only son, Private Charles Lola, was the
first Indian of the tribe to be killed in
France on June 16, 1918, while wiib
Company I, 103d U. S. Infantry, 26th
Division, although a short time later the
son of Governor William Neptune of the
Passamaquoddles lost bis life just be
fore the armistice was signed. He was I
Private Moses Neptune, also of Com
pany I. Sebattis Lola is the organist at
the Catholic ohapel, where the Indians
of the village worship. He baa long
been noted as an expert basket maker
of the reservation. He had letters of In
troduction from Baatport officials and
was given a chance to view the parade |
and see several Indian members of Com
pany I, who enlisted with his son In I
April, 1917, in Eaatport.
There ts more Catarrh In this section
of the country than all other diseases
put together, and for years It was sup
posed to be incurable. Doctors prescribed
local remedies, and by constantly falling
to cure with local treatment, pronounced
It Incurable. Catarrh is a local disease,
greatly Influenced by constitutional con
ditions and therefore requires constitu
tional treatment Hall's Catarrh Medi
cine, manufactured by F. J. Cheney A
Co., Toledo, Ohio, is a constitutional
remedy, is taken Internally and acts
thru the Blood on the Mucous Surfaces
of the System. One Hundred Dollars re
ward Is offered for any case that Hall's'
Catarrh Medicine fails to cure. Send for |
circulars and testimonials. -
F. J. CHENET & CO., Toledo, Ohio.
Sold by Druggists, 76c.
Hall's Family Pills for constipation.
Γ ractor
Tbe Cleveland Traotor will be demon-1
rrated in general farm work, road build- j
3g, woods work, etc., etc.
Education oosts money. Don't lose
tils opportunity to get it free.
Ton know that to make yonr farm
tore profitable you most do more work
t same expenae or what you are now
oing at less oost.
Thiuk It over. \ We are at your ser
loe. For Information oall phone 27-5 or
> 8. (This is tbe traotor built like tbe
kmoas Army Tank.)
Demonstration at Howland Stook
arm Tuesday afternoon, South Paris.
At Norway Wedneadav afternoon at 1
olook on Pride field baok of lumber
Come everybody.
uto Exchange & Express Co.,
'Norway, Maine.
ythian Building Association.
lotioe is hereby given that the annual meeting
the stockholders of thePythian Building As
dation, for the election of offloers for the en
sg year and the transaction of any «*>τ
ilness that may legally oome before said
etlng, will be held at the South Paris Savings
ok on Monday, May 19th, at three o'clock, P.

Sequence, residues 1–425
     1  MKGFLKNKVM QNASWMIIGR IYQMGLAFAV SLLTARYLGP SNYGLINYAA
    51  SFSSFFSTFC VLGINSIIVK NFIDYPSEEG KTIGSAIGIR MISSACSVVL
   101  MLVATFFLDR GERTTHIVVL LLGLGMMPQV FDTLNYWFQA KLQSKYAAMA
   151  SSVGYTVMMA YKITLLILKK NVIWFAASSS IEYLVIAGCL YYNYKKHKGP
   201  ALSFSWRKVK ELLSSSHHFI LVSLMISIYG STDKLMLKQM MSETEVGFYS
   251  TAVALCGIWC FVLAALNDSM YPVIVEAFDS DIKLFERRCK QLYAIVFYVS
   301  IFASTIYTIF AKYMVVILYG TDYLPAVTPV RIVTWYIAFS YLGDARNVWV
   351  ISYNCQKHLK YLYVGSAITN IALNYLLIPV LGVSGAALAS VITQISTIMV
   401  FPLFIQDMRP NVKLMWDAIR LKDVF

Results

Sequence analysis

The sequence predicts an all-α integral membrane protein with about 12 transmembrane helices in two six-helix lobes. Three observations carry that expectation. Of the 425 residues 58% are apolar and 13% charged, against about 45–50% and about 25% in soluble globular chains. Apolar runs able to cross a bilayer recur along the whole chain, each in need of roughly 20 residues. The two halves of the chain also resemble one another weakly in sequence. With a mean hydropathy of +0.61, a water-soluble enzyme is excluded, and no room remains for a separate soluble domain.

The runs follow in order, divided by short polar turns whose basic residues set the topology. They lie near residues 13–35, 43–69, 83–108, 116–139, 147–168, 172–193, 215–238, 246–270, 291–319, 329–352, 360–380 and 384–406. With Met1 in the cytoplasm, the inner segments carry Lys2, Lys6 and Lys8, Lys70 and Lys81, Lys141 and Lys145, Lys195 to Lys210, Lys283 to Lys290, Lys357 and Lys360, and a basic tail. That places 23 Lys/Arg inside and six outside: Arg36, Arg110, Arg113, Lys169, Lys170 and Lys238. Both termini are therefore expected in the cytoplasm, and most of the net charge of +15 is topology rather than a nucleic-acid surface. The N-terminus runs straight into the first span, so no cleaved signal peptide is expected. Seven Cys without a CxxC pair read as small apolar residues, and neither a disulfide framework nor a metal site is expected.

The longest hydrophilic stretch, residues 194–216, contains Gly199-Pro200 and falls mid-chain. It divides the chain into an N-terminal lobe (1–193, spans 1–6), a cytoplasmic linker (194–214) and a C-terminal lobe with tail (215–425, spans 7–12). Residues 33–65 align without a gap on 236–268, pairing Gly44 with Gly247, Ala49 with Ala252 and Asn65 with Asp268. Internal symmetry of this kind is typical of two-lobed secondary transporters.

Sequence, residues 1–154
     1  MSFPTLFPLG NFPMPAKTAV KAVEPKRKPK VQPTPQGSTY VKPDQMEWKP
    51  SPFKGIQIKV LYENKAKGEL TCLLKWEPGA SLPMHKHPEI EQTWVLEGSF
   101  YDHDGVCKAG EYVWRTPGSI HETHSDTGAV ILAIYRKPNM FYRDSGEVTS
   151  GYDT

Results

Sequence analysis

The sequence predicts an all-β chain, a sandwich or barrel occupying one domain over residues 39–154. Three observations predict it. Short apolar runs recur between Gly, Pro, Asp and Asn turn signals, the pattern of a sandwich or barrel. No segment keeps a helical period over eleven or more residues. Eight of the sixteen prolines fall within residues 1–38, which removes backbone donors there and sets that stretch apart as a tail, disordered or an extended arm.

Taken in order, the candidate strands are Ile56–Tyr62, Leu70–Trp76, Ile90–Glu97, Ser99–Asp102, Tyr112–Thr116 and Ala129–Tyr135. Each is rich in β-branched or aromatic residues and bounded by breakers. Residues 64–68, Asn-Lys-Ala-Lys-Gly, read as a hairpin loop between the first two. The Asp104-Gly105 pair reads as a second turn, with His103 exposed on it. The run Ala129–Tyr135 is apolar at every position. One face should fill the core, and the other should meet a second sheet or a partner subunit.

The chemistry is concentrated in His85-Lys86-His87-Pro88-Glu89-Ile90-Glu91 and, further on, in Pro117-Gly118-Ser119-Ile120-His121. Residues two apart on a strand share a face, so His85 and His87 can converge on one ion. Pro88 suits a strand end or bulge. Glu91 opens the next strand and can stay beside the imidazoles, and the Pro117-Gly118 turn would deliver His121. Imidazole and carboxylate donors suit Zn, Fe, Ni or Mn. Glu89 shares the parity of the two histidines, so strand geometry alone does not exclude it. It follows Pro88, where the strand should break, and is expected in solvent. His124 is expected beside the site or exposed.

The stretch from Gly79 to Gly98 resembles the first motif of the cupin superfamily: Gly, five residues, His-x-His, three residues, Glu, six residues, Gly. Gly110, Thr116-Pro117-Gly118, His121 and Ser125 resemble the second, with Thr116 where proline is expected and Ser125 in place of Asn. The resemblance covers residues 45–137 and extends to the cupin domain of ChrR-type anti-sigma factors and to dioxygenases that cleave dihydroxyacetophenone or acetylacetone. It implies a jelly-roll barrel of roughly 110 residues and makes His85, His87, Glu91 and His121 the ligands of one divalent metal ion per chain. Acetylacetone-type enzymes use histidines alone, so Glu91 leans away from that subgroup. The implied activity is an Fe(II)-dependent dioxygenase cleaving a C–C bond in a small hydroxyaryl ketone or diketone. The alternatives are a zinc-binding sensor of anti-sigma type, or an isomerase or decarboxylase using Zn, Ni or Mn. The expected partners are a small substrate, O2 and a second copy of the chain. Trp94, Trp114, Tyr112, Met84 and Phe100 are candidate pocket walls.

•eerstary Pythias Building Assn.
Are You Full of
If not, use
Liver Salts
A pleasant, effervescent drink
in hot weather. It is cooling and
relieves headache.
It Jcleanses the system and
makes the world look brighter.
'· * The ^Q/XjOlSJL Store
S oil fit Paris Maine
The Bank of
Safety and Service
Courtesy Always Counts
At the Paris Trust Company we make
it a point to render the kind of service
which makes the customer feel at home in
the transaction of his banking business.
2 per cent interest paid on checking
accounts of $500 and over.
Paris Trust Co.
South Paris, - Maine
I pays interest on savings accounts
^ Here comes the Cool. ^
Clean, Klenzo Feeling
HERE comes a brand-new
dentifrice — built from a
brand - new formula. Soft—
snow-white—and so pleasing
to the taste that grown-ups as
well as children are eager to
use it morning and night.
The cleanness it creates is
evidenced by the delightful,
cool, refreshing feeling it leaves
in your mouth.
Get this Cool, Clean, Klenzo
Feeling today, by taking home
a tube of Klenzo.
Zhas. H. Howard Co
Buy Now and Save Money
<%ΌΝ YOUR'*,
The prices of footwear are continually advancing,
therefore, the early purchaser will get the benefit of the
present moderate prices.
Our line of Men's, Women's and Children's up-to
d#e Spring and Summer Footwear is now .complete and
ready for inspection.
Trunks, Bags and Suitcases
for all occasions. Call and inspect.
W. O. Frothingham,
MrW'iter -· ' .ι vr f r
oyes & Pike
Norway || BLUE STORES II South Peris
It Must Be Eight or We
Rather You Would Not Have It
That*· the idea of our store organization
Complete Stocks of Men's and Boys'
Ready-to-Wear Clothing and Furnishings
Suits at Reasonable Prices
New Shirts Just Received
Hats, Caps, Neckwear
Anything you buy of us that proves unsatisfactory tell us.
Our responsibility never ceases.
Noyes & Pike
Successors to F. H. Noyes Co.
Capes, Dolmans, Coats
and Suits
in a splendid assortment for your selection at surprisingly
moderate price* as expressed by many customers. Nearly
every day new garments are being received.
White Wash Materials for Summer
are shown here in a fine assortment including Voiles, Or
gandies, Gabardines, Dotted Muslins, Embroidered Nfts,
FOR THE GIRL GRADUATE who has yet to buy
white dress materials, we would call attention to our new
wide embroidered net flouncings and the splendid stock of
plain white voiles priced from 37c up.
Our Colored Designs in Cotton Voiles
in a larger stock than ever before and at surprisingly mod
erate prices, in fact many of them are being sold under
price at actual mark-down prices. They are all good look
ing and unusual. If you haven't seen them, you ought to.
The Wash Goods Department
is of special interest with its extraordinary fine displays of
dress cottons that stand out conspicuously as the largest
stock we have ever shown.
The assortment comprises Cotton Crepes, beautiful
Voiles, Tissues, Poplins, Ginghams and Silk Finished
The most distinctive patterns and colorings in a variety
that make a splendid exhibit of summer cottons.
Special Values
36-inch light and medium Percales at*··· only 19c
36-inch medium and light Percales at· only 25c
27-inch Apron Ginghams at only 17c
See Figured Voile· at lee· prices.
Muslin Underwear
New stock from one of the most reliable manufactur
ers making these goods just received for your selection.
Notice to Liberty Bond Owners I
As your Liberty Bond coupons come due, the
Treasury Department has the money waiting to pay
But word comes from Washington that folks are
NOT cutting their coupons, and it's holding up Uncle
Sam's bookkeeping.
It's a favor to Uncle Sam to deposit your coupons
as they come due. Get the scissors out and clip the
May 15 coupon from your Second Liberty Bonds and all
your past due coupons. Deposit them in
"Oldest and Strongest National Bank In
Oxford County."
Norway, ... Maine
Eddy Refrigerators

xml | txt